Frequently Asked Questions about Volunteering at CJI
At CJI we require consistency and reliability from each of our volunteers. Therefore, we allow new volunteers to commit to one program for a minimum of one year before assessing if they are eligible to participate in more than one program.
Though our volunteer screening process includes a criminal records check, past involvement with the justice system does not necessarily exclude you from volunteering with CJI. Discuss any concerns you may have with our Volunteer Coordinator, Peggy LaFlamme.
The minimum age requirement to volunteer for most programs at CJI is 19. Some of our programs that provide reintegration support for individuals, such as Stride and StrideMen, require a higher age requirement due to the nature of the program.
Yes, all programs require specific training that will vary in length and cost. Specific information about each program is shared at our volunteer orientation nights that occur at least six times throughout the year.
At CJI we require a minimum one year commitment from all volunteers to ensure that all of our clients feel a sense of consistent support and community from our programs. Time commitments vary between programs ranging from 1.5 – 6 hours per week. More information on program specific requirements are available at an agency orientation night. Student placements require different qualifications.
We are looking for people that demonstrate respect and integrity and are non-judgmental. We do not expect our volunteers to have professional training. In fact, we provide necessary training to all volunteers. Rather than over-professionalizing our important peace-building activities, CJI
staff equip and support well-trained volunteers from the community as they carry out our frontline work. CJI staff coordinate services while volunteers deliver them.
The first step to becoming a volunteer is filling out the CJI Agency Orientation and to sign up and attend one of our orientation nights. From there you will receive more information about our many programs offered and what next steps you must take to become a volunteer at CJI.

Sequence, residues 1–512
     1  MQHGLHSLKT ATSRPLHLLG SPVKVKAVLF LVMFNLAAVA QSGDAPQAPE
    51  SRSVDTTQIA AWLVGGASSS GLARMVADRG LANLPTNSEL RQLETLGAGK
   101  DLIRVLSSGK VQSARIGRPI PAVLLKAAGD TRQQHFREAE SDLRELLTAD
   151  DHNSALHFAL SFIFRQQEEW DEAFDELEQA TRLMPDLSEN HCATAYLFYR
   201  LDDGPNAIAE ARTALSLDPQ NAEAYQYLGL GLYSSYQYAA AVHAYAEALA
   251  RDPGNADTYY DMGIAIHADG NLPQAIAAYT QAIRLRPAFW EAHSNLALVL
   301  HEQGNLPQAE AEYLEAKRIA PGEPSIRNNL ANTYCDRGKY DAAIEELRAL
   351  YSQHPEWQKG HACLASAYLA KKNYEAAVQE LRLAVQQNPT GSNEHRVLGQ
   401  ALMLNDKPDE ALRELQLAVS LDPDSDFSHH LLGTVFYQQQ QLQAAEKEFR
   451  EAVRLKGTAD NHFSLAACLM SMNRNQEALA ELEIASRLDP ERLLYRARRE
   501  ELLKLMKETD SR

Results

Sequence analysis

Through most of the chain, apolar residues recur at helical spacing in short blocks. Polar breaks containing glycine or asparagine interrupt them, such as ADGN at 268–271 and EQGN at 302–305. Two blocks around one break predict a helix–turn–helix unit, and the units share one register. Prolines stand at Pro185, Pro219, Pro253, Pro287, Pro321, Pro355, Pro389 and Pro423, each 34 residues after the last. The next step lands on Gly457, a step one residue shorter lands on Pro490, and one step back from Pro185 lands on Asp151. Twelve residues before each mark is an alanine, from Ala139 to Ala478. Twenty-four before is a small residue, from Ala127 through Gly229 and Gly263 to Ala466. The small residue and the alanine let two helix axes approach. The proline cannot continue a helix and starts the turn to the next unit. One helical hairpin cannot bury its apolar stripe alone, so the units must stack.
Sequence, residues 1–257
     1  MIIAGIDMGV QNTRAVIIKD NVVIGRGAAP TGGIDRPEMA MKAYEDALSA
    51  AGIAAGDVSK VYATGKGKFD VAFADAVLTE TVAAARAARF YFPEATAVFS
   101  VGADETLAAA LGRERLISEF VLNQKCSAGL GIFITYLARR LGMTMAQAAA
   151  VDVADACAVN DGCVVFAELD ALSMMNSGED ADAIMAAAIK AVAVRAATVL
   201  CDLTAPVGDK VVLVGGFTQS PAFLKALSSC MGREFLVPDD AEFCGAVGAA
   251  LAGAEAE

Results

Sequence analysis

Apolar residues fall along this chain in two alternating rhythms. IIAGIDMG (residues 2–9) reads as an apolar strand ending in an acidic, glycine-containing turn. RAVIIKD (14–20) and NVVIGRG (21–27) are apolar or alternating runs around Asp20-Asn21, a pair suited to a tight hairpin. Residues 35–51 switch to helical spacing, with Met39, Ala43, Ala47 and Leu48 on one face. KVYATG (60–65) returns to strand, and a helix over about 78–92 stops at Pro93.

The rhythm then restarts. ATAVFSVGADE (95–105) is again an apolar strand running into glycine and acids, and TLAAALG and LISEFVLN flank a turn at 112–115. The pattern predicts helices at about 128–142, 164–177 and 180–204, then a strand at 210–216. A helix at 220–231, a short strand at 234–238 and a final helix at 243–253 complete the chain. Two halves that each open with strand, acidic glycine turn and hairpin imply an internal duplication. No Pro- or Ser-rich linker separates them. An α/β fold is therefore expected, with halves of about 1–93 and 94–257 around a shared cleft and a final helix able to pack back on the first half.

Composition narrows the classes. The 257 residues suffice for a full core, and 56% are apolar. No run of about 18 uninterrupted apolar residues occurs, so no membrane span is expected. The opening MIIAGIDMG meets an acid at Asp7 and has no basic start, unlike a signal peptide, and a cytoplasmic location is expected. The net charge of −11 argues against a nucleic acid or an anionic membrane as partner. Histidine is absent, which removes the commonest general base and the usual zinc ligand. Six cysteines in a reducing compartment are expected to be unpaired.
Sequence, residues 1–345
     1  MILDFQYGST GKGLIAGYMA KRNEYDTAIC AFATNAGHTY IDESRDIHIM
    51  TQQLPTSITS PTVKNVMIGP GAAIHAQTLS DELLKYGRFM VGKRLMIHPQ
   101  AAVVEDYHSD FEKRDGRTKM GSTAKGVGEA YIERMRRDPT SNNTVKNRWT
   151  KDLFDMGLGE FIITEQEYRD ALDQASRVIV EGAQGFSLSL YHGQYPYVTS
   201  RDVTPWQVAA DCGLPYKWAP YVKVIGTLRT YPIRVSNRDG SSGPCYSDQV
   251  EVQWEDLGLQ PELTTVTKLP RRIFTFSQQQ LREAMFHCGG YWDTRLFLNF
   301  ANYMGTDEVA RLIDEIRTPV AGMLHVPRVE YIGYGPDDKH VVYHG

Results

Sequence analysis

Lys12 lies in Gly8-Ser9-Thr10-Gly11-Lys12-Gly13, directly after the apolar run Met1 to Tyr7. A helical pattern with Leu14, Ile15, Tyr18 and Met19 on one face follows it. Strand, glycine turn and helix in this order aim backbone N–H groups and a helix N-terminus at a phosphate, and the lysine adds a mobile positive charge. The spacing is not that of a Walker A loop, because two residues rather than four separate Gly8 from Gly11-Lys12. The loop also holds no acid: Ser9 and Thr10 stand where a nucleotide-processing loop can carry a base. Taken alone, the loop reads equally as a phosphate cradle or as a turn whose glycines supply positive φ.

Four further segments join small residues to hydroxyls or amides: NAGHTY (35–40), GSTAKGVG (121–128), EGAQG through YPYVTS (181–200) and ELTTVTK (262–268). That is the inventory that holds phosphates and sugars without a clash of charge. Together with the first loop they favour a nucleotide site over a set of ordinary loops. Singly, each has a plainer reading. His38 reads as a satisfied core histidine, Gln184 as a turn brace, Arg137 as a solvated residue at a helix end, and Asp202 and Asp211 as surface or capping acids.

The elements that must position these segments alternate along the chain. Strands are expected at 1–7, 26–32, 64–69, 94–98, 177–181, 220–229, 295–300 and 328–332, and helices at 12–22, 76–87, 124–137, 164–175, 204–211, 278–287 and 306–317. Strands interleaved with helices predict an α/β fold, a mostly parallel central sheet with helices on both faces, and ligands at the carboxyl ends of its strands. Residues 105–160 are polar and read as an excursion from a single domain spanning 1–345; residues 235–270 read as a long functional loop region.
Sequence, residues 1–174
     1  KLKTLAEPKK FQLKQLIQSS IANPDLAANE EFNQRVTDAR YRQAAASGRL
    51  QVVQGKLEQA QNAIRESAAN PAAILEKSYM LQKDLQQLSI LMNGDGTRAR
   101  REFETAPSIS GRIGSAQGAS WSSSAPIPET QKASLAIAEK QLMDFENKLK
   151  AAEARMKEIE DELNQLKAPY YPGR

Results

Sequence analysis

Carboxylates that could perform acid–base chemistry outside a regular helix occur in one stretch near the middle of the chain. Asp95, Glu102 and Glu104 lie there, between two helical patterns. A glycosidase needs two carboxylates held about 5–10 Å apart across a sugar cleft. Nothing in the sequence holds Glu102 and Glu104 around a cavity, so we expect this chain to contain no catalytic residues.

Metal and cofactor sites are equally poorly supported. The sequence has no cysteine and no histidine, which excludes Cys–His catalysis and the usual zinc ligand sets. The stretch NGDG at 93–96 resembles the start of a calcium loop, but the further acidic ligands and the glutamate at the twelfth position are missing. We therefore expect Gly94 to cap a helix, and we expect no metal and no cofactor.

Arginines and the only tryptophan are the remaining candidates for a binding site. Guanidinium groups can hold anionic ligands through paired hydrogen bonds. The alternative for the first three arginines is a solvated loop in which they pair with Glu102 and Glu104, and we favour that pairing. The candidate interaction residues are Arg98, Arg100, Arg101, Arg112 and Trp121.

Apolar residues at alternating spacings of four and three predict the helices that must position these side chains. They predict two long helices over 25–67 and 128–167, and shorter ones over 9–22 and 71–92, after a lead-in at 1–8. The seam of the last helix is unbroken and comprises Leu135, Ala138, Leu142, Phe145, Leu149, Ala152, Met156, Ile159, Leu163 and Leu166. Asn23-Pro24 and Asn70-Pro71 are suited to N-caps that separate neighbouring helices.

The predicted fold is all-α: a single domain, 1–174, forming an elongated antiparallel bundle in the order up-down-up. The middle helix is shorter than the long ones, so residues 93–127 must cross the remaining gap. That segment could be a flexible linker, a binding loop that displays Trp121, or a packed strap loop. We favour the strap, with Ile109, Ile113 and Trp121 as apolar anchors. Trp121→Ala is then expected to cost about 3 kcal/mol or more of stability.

Restorative Justice (RJ) is a way of addressing conflict and crime that enables the person who caused the harm, people who were affected by the harm, and the community to create a meaningful solution.
In contrast to the traditional justice system in Canada which seeks to establish a punishment for each act of wrongdoing assuming that will contribute to victim and societal satisfaction, RJ focuses on repairing damage and restoring relationships.
Restorative justice is not a specific model, instead it is a set of principles, placing a focus on respect, integration, democracy, advocacy and honesty. These principles can be flexibly applied to a variety of situations of conflict, crime, abuse, etc.
Cost for training varies by program. Detailed information about training is shared at volunteer orientation nights.
CJI has a team of 20+ full-time staff that are devoted to coordinating and supporting volunteers. If at any point you feel unequipped for a situation you can reach out to your Volunteer Coordinator/ Service Coordinator for support.
In many programs volunteers are provided support after each group meeting, regular contact and formal supervision meetings. Supervision is also provided through regularly scheduled peer supports.
During our 40+ year history, we have continuously responded to community needs by creatively, and innovatively applying restorative justice principles to new problems. We believe the only limit to the power of restorative justice is the capacity of the human heart to change and grow.
Changing Lenses: A New Focus for Crime and Justice Crime victims have
The Little Book of Restorative Justice for Older Adults Written by CJI’s own